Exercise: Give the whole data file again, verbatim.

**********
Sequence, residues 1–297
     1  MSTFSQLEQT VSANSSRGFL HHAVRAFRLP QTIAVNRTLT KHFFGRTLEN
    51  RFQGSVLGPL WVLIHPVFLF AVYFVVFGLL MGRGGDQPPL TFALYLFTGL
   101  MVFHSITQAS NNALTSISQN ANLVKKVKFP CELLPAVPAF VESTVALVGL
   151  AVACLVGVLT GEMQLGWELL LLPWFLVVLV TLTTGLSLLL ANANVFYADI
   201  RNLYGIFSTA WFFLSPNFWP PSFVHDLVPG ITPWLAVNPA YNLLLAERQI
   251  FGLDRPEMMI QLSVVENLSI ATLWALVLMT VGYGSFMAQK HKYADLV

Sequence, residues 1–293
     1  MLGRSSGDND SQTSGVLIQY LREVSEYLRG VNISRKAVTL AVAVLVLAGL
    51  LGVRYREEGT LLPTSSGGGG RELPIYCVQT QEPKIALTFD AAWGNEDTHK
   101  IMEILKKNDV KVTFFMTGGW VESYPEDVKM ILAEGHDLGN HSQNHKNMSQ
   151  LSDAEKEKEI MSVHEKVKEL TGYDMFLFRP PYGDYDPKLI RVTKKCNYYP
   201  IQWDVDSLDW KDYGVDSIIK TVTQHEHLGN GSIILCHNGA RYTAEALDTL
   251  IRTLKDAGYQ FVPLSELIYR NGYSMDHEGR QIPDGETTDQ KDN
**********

Sequence, residues 1–297
     1  MSTFSQLEQT VSANSSRGFL HHAVRAFRLP QTIAVNRTLT KHFFGRTLEN
    51  RFQGSVLGPL WVLIHPVFLF AVYFVVFGLL MGRGGDQPPL TFALYLFTGL
   101  MVFHSITQAS NNALTSISQN ANLVKKVKFP CELLPAVPAF VESTVALVGL
   151  AVACLVGVLT GEMQLGWELL LLPWFLVVLV TLTTGLSLLL ANANVFYADI
   201  RNLYGIFSTA WFFLSPNFWP PSFVHDLVPG ITPWLAVNPA YNLLLAERQI
   251  FGLDRPEMMI QLSVVENLSI ATLWALVLMT VGYGSFMAQK HKYADLV

Sequence, residues 1–293
     1  MLGRSSGDND SQTSGVLIQY LREVSEYLRG VNISRKAVTL AVAVLVLAGL
    51  LGVRYREEGT LLPTSSGGGG RELPIYCVQT QEPKIALTFD AAWGNEDTHK
   101  IMEILKKNDV KVTFFMTGGW VESYPEDVKM ILAEGHDLGN HSQNHKNMSQ
   151  LSDAEKEKEI MSVHEKVKEL TGYDMFLFRP PYGDYDPKLI RVTKKCNYYP
   201  IQWDVDSLDW KDYGVDSIIK TVTQHEHLGN GSIILCHNGA RYTAEALDTL
   251  IRTLKDAGYQ FVPLSELIYR NGYSMDHEGR QIPDGETTDQ KDN